When Steve Jobs first resigned from Apple Computer some were shocked others were expecting the move. Steve had been battling cancer for several years and many suspected that the day would come when he’d have to step down. People close to him said that his driving force will be missed not only at Apple but felt around the world. Who will be the next great innovator? Tech visionary? These are all great questions. With Steve’s death the impact of his departure has been felt around the globe, however- Steve teaches us some great lessons in leadership.
The first blaring lesson is one of Succession.
Who will lead? Leaders of all companies large and small must ask this very important question. The leadership succession lesson runs from top down all the way through the organization. One company that I worked with in Chicago experienced problems when a large group of their older management team retired. No one was trained to take their positions. Lower, non-management employees were all promoted into management and a younger staff was hired to replace them. Immediately conflicts erupted due to poor or lack of management skills by the newly promoted group. This company is now burdened with high turnover due to poor planning by senior management. In another Fortune 100, Chicago based utility company- a major problem occurred when there were a number of underground vault fires due to wear of old parts. The only problem is all the workers that knew how to “fix” the problem had retired many years prior. When the ICC (Illinois Commerce Commission) stepped in they threatened to shut down the utility unless the problem could be addressed and assurance could be made that there would not be any other underground fires. In this case, succession plans were not in place to pass on knowledge and expertise from retiring workers.
At Apple, Shareholders, Board members and employees are worried. Sure Steve named his successor however the new man was head of operations and is not the creative visionary that Jobs played at both Apple and Pixar.
The second important lesson is Leadership Style
If you dig deeper there is another important leadership lesson that Steve Jobs teaches us. That lesson – though not so apparent is Jobs leadership style during his tenure with Apple. If you read about Steve you will discover that his leadership style changed from the two times he was with the company.
If you will recall Steve was head of Apple then was fired and years latter asked to return. It was in his second tenure that Apple really took off. According to reports the first Steve Jobs was a micro-manager. He oversaw each project with detailed scrutiny. Not trusting or allowing his employees to experiment or try to complete a project from their perspective. In an interview, Jobs said that people didn’t like working for him and he was fired partly because of his poor management skills. When asked, Jobs would have told you that the second time around he was more mature and learned to trust those that worked for him. He will also tell you that he was VERY careful in hiring the best. While projects still needed his final “ok” and stamp of approval. He was no longer hovering over his employee’s watching their every move. He allowed his team to develop and create his vision. Many will say this more mature Jobs was the driving force to the huge successes of the I-phone, and I-pad technologies. What few people know is that if project / product did not pass Jobs quality standards, he would scrape the product and send his team back to the drawing board.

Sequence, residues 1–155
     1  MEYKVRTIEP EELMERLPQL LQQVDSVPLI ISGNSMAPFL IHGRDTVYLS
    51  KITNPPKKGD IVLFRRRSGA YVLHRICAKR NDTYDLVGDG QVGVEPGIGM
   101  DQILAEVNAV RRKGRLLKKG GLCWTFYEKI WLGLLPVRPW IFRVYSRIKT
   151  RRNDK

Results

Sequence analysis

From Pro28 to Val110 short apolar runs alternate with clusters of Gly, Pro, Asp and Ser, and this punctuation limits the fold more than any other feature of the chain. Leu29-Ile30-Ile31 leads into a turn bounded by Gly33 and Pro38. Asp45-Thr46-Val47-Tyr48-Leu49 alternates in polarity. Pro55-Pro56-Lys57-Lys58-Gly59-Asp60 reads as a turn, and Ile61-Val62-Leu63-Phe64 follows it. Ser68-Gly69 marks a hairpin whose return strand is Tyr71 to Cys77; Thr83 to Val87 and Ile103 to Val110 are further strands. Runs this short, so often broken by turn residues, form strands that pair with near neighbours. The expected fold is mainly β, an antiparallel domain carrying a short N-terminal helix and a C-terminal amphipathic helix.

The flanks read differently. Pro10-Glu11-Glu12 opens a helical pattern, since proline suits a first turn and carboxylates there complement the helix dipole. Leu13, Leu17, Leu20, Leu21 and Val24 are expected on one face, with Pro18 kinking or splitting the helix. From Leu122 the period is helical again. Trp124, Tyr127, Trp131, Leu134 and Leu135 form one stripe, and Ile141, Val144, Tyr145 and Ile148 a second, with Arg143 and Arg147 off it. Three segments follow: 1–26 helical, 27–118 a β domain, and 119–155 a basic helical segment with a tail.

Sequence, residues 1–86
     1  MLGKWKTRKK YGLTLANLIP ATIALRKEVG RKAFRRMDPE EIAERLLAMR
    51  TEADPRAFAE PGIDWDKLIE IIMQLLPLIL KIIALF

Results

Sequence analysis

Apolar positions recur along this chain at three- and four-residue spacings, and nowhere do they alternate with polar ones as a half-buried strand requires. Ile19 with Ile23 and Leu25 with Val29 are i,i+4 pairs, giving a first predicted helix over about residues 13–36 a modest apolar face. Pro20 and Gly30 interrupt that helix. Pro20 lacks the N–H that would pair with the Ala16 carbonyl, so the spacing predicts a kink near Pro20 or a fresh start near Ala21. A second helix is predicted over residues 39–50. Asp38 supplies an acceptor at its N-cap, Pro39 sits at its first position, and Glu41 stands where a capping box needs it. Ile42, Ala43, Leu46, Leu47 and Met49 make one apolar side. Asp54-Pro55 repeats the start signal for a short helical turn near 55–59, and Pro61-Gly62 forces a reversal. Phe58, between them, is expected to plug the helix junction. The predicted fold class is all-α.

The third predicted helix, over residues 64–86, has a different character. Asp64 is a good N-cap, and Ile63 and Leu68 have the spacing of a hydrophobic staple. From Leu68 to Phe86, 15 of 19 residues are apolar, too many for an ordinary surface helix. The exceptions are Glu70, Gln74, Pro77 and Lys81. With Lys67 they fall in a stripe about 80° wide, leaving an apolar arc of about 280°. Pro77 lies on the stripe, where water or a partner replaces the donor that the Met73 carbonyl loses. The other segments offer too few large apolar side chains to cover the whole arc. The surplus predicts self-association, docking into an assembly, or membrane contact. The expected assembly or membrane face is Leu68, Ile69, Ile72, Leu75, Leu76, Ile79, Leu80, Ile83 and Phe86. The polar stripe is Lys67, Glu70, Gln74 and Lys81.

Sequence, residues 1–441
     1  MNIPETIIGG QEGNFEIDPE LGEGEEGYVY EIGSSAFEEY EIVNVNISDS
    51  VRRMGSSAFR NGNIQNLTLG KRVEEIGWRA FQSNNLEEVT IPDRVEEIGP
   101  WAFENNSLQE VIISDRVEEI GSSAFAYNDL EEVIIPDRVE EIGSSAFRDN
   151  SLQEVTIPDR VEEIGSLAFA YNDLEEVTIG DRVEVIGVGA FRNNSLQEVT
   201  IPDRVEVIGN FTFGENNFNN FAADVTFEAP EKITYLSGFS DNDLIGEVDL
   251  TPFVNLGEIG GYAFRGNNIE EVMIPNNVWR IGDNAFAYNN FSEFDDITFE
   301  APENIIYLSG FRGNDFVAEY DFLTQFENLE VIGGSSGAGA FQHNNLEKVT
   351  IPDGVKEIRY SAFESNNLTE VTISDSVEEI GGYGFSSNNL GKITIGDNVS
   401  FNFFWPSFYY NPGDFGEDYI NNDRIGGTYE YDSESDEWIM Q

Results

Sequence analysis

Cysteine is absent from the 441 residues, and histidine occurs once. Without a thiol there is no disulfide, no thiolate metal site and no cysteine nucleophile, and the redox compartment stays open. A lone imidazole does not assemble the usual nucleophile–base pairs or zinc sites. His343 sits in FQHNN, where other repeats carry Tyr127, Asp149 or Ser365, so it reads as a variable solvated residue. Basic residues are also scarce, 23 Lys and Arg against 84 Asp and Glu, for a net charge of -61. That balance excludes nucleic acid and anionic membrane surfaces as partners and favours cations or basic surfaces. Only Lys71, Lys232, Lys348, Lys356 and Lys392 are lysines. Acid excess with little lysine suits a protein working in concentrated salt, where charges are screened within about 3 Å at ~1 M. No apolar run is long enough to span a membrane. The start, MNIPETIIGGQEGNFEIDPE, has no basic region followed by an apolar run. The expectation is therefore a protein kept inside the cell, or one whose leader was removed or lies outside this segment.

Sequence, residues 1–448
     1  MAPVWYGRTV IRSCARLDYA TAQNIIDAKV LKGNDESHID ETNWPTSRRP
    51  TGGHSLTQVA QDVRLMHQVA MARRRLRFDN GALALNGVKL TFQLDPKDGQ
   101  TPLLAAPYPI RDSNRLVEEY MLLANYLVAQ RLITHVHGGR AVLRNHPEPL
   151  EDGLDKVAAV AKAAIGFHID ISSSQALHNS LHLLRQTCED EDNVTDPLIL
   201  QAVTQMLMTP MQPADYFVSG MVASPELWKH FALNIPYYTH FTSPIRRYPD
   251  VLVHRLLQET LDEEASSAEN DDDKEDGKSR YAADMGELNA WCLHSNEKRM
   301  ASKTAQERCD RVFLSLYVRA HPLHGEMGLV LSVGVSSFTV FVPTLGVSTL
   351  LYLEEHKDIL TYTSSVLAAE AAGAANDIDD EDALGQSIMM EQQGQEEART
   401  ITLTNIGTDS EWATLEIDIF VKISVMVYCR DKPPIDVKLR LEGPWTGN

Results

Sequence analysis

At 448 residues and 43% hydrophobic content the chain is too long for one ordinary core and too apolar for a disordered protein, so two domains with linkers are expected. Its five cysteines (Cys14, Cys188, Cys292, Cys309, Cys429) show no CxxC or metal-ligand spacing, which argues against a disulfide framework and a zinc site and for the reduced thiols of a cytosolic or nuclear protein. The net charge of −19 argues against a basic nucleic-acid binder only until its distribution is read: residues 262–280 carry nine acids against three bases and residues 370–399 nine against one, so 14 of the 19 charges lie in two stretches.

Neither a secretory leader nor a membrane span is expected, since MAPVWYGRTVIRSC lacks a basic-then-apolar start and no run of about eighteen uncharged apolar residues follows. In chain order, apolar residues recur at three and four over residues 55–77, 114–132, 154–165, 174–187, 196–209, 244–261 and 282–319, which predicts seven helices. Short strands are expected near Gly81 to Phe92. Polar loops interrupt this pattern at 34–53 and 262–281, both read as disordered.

What do these lessons teach managers and leaders today?
1. Learn how to hire right. Spend the time and learn behavior based hiring techniques so you put the right team in place. The old hiring questions no longer work. Managers and leaders must learn how to ask good questions that drive “right fit.” I’ll cover this more in-depth at a later date.
2 Learn how to delegate effectively. Clearly explain the task or vision at hand. Then hand-off the whole job not bits and pieces of the job. Allow the creativity and innovation of your employees to carry out your vision. Use milestones and check points so employees know how they are doing and if they are meeting your expectations. Use a delegation check list so all the important elements are covered in the delegation process.
3. Problem Solving. Learn how to help you employees brainstorm through problems so wise decisions can be made. Leaders need to ask more questions BEFORE giving advice or opinions.
4. Corporate Culture. Leaders need to create a corporate culture where there is NO fear to dump a project if it is not going right. All to often egos are involved and a project that should be scraped is not and more money and resources are thrown at the project, hoping that it will succeed- when it should have been dumped. Often direct reports are afraid to tell management that a project has serious flaws or problems and may not succeed. It is up to Leaders and Managers to create a culture for success, which includes honesty on project success without repercussions.